Jimmy Hoffa

When Jimmy Hoffa Vanished, He Took Union Strength With Him

The July 30, 1975, disappearance of labor leader Jimmy Hoffa sparked public fascination because he was an important cog in the nation's economy.
Sugar Beet Field

Did Youth Farming Programs Really Fight Juvenile Delinquency?

Summer jobs for teens are becoming a thing of the past, but considering these beet farm jobs, maybe we shouldn't romanticize them too much.
WPA mural masculinity

What Kind of Work is “Masculine”?

What's the fate of "masculinity" in a world where it’s hard for many men to achieve personal success? It's a question we asked in the 1930s, too.
NYC Subway Sandhogs

The Sandhogs Who Built the New York Subway

Unlike other laborers, who toiled anonymously on bridges and buildings throughout the city, the sandhogs had an iconic status in New York City.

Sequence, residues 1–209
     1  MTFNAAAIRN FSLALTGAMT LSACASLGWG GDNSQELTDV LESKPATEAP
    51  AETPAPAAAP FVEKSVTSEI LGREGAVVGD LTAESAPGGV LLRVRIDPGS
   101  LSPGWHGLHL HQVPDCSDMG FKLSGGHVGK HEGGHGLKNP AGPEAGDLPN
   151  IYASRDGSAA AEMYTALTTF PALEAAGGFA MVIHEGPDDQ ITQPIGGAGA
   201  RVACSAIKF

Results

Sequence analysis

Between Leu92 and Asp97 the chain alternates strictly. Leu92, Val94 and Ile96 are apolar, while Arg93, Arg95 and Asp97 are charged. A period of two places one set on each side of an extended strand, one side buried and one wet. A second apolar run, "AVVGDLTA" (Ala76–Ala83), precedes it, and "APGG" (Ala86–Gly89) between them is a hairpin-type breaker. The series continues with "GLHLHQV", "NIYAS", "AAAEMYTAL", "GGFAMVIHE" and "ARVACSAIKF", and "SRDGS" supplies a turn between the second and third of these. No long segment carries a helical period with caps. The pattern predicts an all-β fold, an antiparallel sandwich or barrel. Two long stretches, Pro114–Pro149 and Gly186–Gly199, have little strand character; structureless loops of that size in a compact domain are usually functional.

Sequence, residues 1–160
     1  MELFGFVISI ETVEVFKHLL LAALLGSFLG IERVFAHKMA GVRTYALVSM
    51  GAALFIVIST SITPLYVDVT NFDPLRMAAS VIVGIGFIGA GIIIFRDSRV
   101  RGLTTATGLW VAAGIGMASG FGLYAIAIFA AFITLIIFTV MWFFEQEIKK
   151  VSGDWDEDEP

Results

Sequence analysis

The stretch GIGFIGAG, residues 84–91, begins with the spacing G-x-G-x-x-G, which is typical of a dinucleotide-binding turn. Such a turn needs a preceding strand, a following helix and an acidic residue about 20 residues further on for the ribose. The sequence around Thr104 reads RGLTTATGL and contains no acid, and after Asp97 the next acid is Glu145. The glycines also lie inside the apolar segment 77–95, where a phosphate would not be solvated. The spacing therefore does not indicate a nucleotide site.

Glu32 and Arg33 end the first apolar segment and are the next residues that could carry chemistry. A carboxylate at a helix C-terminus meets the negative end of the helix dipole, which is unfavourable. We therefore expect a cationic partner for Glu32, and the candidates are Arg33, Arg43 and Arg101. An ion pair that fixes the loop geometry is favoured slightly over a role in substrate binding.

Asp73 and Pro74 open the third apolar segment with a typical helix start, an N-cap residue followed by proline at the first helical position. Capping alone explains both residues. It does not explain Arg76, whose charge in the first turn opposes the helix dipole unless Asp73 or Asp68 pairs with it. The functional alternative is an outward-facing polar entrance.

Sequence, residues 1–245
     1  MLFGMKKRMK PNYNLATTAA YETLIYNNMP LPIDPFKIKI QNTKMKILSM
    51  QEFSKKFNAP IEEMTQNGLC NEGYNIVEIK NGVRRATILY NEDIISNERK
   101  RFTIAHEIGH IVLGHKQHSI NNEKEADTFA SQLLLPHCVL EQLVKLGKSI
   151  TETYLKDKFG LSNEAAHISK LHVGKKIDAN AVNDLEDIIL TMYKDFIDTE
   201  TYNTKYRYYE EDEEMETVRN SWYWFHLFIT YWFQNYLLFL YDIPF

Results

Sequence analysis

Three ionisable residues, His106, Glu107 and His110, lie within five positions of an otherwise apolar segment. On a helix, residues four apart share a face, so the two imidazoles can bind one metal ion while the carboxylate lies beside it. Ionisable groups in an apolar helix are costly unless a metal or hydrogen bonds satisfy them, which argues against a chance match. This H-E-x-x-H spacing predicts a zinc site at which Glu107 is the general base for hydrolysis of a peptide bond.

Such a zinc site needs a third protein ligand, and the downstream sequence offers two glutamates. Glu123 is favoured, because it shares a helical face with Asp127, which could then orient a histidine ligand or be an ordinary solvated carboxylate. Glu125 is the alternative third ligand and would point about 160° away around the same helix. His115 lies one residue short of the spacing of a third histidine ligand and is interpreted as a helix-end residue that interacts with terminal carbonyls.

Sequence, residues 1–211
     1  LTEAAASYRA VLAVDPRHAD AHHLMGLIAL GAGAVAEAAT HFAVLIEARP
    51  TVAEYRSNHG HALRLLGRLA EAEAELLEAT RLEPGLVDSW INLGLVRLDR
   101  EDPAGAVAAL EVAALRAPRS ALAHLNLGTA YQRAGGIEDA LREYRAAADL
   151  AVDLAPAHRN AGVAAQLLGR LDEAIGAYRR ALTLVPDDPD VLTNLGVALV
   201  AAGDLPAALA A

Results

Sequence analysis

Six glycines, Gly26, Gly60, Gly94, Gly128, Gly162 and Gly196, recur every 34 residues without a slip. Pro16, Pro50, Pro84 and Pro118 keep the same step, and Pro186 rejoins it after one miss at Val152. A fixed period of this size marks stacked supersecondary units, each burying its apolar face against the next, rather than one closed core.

Woman looking at men whispering

The Pioneers in the Fight against Sexual Harassment

Some of the first precedent-setting sexual harassment cases were filed by women who were African-American, working class, or both
Birmingham trainyard

A Precedent for Today’s Political Violence

Illegal violence has always been a political tool, often serving the interests of the powerful. A historian looks at the case of 1930s Birmingham, Alabama.
May Day 2006 marchers

When did May Day Turn Into an Immigrants’ Rights Day?

May Day has traditionally focused on labor and working class issues. Immigration and immigrant labor adds a new dimension to the holiday.
A row of empty office cubicles.

“Deaths of Despair”: What’s Really Killing Americans

Why a large swath of middle-aged, middle-class white Americans, especially those with lower levels of education, are dying more "deaths of despair."
uber driver gig economy

Working More for Less: Dangers of the Gig Economy

The "gig economy" benefits startups and tech companies, but it may be unsustainable, and unethical for the economy, and workers, at large.

How America Tried (and Failed) to Solve Its “Servant Problem”

In the early part of the twentieth century, most middle-class American homes had at least one servant. Then the "servant problem" arose.